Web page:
4. Images or Videos

Visuals are powerful elements on landing pages because they help to support and improve the rest of the content. In fact, research shows that the brain processes visual information up to 60,000 times faster than text! This means that when your visitor lands on a page, they can start putting your message together before they even read the first word.

Some things you’ll want to keep in mind as you’re choosing visual content for your landing page:

  • Images and videos should be contextually relevant to your offer and goal – stock photos are usually not the route to take here
  • They should be high quality – grainy images or glitchy videos may de-value the appearance of your offering
  • They must load quickly – page load speed affects SEO, and taking too long to load will increase your bounce rate

If you’re selling a product, then using an image or video of that product is a no-brainer. If you’re selling a service, however, you need a little more creativity. Consider using a video of yourself talking about the user’s pain points and highlighting how you can help. Or, you might include a video of customer success stories that can add to your credibility.

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5. Pain and Pleasure Points

It’s Psychology 101: As humans, we’re wired to avoid pain as much as possible. And when we are taken out of our comfort zone and confronted with pain, we want to take action as soon as possible to resolve it. 

Your product or service is designed to relieve pain in some form. Maybe it’s to solve a business challenge, save money, or improve the way something is done. Regardless, your copy should bring those pain points front and center so that your readers become aware of them and want to find a way to cure them.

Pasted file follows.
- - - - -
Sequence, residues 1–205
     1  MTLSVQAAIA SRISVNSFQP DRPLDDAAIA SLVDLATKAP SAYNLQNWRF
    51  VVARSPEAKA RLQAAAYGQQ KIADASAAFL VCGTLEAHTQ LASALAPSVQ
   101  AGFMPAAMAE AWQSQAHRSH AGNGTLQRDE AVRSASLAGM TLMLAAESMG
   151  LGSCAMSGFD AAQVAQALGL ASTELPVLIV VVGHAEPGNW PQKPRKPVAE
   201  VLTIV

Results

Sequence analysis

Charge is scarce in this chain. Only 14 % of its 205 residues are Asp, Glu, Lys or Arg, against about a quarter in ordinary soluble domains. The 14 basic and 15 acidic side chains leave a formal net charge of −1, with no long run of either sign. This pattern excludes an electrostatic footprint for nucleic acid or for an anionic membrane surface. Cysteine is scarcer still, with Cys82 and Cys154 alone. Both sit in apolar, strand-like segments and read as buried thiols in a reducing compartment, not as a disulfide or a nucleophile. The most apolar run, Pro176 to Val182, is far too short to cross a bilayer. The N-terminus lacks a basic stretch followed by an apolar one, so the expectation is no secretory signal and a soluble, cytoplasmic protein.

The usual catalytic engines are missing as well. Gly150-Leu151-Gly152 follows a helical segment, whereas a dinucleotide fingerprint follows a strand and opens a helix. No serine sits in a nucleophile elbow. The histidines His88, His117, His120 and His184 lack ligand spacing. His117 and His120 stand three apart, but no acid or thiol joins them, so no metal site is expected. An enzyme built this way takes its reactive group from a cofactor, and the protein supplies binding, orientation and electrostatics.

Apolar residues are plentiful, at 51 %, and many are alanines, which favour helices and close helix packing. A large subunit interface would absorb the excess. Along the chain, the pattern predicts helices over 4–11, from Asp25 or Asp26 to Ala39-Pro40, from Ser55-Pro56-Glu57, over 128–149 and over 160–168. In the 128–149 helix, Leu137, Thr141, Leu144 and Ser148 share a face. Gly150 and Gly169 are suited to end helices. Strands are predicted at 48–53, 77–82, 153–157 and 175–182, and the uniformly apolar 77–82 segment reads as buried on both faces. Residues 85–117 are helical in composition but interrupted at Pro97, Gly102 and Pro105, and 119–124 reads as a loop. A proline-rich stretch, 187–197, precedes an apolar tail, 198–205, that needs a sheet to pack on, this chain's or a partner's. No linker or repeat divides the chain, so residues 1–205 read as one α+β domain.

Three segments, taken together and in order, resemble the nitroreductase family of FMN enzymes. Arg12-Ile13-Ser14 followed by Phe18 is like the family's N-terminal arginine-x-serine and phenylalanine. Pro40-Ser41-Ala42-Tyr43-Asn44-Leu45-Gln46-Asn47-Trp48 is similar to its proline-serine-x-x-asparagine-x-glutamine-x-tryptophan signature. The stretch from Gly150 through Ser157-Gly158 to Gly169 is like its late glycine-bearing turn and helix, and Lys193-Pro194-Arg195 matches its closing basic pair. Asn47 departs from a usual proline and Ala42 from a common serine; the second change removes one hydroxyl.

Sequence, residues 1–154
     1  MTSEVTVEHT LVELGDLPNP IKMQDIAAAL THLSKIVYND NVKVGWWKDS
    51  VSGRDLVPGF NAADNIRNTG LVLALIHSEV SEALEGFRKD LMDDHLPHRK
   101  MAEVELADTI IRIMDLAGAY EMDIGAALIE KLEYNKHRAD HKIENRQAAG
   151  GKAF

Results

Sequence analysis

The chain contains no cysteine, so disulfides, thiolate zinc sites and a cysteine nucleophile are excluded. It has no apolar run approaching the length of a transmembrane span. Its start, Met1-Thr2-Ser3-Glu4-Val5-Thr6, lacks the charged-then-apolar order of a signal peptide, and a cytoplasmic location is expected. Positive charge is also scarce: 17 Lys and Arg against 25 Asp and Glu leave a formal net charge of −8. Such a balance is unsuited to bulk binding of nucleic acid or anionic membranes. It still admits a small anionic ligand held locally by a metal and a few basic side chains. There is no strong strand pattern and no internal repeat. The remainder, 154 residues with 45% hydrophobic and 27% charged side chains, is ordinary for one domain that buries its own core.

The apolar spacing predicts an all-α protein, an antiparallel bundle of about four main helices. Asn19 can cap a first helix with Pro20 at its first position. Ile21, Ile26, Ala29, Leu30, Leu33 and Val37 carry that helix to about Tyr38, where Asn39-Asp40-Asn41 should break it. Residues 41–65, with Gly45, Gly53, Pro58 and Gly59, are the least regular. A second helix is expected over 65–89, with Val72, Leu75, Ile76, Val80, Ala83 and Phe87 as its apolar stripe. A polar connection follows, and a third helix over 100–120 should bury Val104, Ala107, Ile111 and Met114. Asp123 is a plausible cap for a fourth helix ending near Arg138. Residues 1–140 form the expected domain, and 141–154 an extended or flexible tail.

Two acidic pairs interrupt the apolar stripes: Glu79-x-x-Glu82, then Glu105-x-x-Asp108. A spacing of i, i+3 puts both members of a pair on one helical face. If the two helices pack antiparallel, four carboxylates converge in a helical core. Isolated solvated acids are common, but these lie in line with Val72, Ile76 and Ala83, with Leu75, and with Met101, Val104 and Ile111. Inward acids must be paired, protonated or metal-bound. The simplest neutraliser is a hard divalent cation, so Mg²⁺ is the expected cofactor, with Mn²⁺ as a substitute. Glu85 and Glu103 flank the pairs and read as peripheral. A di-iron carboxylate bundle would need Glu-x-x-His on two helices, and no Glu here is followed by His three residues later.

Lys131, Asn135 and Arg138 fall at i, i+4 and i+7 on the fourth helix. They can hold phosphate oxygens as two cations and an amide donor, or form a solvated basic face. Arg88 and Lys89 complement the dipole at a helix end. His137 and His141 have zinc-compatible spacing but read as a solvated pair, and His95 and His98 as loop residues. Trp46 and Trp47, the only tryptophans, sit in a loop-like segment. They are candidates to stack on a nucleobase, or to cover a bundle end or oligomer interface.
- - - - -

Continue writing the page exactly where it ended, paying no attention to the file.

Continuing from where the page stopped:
Search Engine Land does a good job of emphasizing real pain with this webinar promotion on how Google steals website traffic. It dials in on the fact that you could be getting short-changed on website visitors, something that any digital marketer would be stark-raving mad about. 

In addition, humans are also wired to respond to potential gains of pleasure. We don’t buy into products or services because we like them, but rather because of the joy and relief they’ll bring us. Your copy should also contain elements of pleasure that will help the user see themselves in the end result.

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6. A Clear Call to Action

Last but not least, there should be no question about what your audience should do to take advantage of your offer. Make it easy for them to make the leap and convert, and limit your CTA to just one. The quicker and more explosive you can make your CTA, the more likely your user will be to take advantage of what you’re offering.

For more insights, check out my blog post on how to ramp up your landing pages for conversions.